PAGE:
2. Musculoskeletal Conditions of the Back
Musculoskeletal conditions of the back are some of the most common disabilities among women veterans. In 2015, about 58 percent of women were treated for musculoskeletal conditions of the back whereas only about 47 percent of men were being treated for these conditions. There are three different back conditions that are most often seen in women.
Cervical or Lumbosacral Strain
Generally speaking, cervical or lumbosacral strains are microscopic tears of the muscles in the tendons, typically caused by overuse. VA will rate this condition based on range of motion testing by looking at how much you can bend forwards, backwards, or side to side.
Intervertebral Disc Syndrome
Intervertebral disc syndrome occurs when the discs between the vertebrae start to break down. It is usually made worse when there is prolonged sitting and standing, and bending down. This condition is rated a little differently than the cervical or lumbosacral strain. Specifically, this condition is rated based on incapacitating episodes (i.e., periods of time that require bedrest). However, if range of motion testing would result in a higher rating, VA will rate the condition based on range of motion.
Degenerative Arthritis of the Spine
The third most common back condition that affects women veterans is degenerative arthritis of the spine, which involves the breakdown of the cartilage between the joints and the discs in the neck and back. Again, this is caused by overuse, repetitive stress on the back, and it is another very common cause of pain.
VA C&P Exams for Back Conditions
As mentioned above, VA does largely rate back conditions based on range of motion testing, which will be performed at a Compensation & Pension (C&P) exam. The examiner will be asking you to complete a series of physical tests, including bending forwards, backwards, and side to side. Importantly, examiners should also be looking at things like how severe your condition is during flare-ups, or with repetitive use over time. They should be asking you questions about how it affects your daily life and how severe it is on a day to day basis. It is important to be honest about your symptoms. Veterans should not over-exaggerate symptoms or diminish what they are experiencing. It is critical for the examiner to have a good understanding of your disability as VA does rely on the examiner’s findings when making decisions on claims for benefits.
3. Major Depressive Disorder (Depression)
Major depressive disorder is actually the second most common service-connected condition among female veterans. Women veterans are 1.7 times more likely to experience major depression as compared to their male counterparts. Right now, there are 26,500 cases of depression among women veterans. It is understandable that depression is associated with military service because a lot of times, people are separated from their families for long periods of time, undergo multiple deployments, and feel isolated from their support systems. Women experience these problems, but women also face issues with harassment from their peers and superiors at disproportionate rates.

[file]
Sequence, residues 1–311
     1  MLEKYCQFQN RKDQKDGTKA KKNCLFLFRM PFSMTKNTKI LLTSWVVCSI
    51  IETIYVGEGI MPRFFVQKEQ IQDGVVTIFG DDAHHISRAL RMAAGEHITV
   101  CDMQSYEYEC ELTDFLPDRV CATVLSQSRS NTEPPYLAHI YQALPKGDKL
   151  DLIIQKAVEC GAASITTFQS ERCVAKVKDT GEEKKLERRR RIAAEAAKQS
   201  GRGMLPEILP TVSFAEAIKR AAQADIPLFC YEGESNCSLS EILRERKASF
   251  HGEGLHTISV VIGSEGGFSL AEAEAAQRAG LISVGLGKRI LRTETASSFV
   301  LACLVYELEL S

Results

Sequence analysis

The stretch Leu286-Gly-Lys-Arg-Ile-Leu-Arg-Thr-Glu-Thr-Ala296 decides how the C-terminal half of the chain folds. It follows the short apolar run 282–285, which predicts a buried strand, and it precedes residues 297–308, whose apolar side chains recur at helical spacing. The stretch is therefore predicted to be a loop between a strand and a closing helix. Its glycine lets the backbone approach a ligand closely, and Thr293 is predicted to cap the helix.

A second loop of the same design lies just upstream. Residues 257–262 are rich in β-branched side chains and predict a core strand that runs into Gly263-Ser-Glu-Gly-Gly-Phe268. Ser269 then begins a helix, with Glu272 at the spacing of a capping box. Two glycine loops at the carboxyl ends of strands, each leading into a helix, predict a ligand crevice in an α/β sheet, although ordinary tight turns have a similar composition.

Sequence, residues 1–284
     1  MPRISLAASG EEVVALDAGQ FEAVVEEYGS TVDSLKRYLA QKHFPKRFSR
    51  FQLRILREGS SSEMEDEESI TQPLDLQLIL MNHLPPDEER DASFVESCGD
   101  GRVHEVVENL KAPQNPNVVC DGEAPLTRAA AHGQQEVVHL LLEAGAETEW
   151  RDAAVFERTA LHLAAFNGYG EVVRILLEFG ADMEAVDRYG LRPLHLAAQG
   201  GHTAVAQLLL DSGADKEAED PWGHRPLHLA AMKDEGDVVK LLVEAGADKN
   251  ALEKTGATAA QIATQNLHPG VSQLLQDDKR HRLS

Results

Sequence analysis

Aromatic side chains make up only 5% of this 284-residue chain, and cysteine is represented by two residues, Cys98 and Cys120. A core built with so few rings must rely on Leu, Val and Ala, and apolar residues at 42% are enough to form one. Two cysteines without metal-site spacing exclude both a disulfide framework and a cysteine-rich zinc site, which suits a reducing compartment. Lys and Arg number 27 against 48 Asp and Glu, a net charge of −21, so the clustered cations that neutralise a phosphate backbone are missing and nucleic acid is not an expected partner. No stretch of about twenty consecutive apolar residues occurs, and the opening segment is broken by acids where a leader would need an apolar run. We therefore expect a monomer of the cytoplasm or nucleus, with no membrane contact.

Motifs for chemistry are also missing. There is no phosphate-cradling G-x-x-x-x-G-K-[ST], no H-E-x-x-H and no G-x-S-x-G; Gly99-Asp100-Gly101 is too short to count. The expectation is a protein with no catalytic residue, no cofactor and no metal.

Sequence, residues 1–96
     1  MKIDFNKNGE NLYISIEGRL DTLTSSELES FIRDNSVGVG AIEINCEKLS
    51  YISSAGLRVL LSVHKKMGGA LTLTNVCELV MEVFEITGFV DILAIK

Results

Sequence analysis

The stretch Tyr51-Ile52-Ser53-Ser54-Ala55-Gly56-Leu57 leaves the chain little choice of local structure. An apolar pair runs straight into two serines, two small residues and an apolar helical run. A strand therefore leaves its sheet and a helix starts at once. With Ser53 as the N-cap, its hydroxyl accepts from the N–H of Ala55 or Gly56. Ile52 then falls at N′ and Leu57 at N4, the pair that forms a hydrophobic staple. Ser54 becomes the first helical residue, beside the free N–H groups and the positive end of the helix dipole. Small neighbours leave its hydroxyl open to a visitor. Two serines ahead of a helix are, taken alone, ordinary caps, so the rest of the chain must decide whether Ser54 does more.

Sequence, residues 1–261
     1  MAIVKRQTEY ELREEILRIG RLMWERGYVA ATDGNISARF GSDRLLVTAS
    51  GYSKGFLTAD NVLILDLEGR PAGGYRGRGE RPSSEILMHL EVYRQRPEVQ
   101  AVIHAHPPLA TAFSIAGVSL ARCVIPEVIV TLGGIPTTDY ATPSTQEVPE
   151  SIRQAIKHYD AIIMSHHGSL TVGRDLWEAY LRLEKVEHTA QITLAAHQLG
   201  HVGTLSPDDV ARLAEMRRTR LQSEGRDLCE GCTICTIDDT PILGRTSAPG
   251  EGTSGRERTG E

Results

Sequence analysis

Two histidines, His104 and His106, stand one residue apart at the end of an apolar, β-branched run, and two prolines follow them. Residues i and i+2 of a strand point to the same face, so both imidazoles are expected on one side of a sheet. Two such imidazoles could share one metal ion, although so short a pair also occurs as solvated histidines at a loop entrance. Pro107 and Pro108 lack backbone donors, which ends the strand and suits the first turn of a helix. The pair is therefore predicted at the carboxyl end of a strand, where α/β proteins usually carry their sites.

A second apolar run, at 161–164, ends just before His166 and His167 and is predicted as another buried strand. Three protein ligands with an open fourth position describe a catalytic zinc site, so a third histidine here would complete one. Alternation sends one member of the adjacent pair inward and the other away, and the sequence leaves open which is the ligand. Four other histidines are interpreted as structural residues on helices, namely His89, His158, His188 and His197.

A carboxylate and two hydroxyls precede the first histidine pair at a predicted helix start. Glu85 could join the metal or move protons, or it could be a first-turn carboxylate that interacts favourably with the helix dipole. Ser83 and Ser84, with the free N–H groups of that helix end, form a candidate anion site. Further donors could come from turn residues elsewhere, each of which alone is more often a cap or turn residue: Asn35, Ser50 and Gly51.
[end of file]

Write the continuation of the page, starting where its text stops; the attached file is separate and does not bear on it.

Importantly, claims for depression are different from claims for PTSD insofar as you do not need a stressor. Nonetheless, it is helpful for women veterans to look for documentation in their service treatment records that may show their depression began during service. For example, if a veteran sought treatment or disclosed to a doctor in service that she was experiencing feelings of depression, it can be used as evidence. Many times, people do not seek treatment until many years after service. In those cases, you can submit lay statements from yourself or anybody else who has personal knowledge of the onset and progression of your symptoms.
4. Migraine Headaches
Migraine headaches can be very severe and often come with many residual issues. When someone experiences a migraine, they usually also experience photosensitivity (i.e., sensitivity to light), noise sensitivity, nausea, vomiting, lightheadedness, etc. Currently, about 24,000 women veterans are receiving VA disability benefits for migraines. Some of the most common reasons that migraines are related to service involve other primary conditions. Namely, migraines are often secondary to other service-connected conditions. For example, veterans with neck conditions sometimes develop issues with headaches as well.
How VA Rates Migraines
When VA is rating migraine headaches, it is looking at how prostrating the attacks are. Here, prostrating is essentially referring to how debilitating it is. Again, lay statements are going to be one of the most important pieces of evidence in migraine claims. In these statements, veterans can describe how severe their symptoms are and talk about the things they are not able to do when they have migraines. VA considers whether the migraines affect veterans to the point where they cannot complete their normal activities of daily living, such as cooking, cleaning, or working. As such, talking about how severe the migraines are, how they prevent you from doing those day to day things, and how frequently they occur may be beneficial.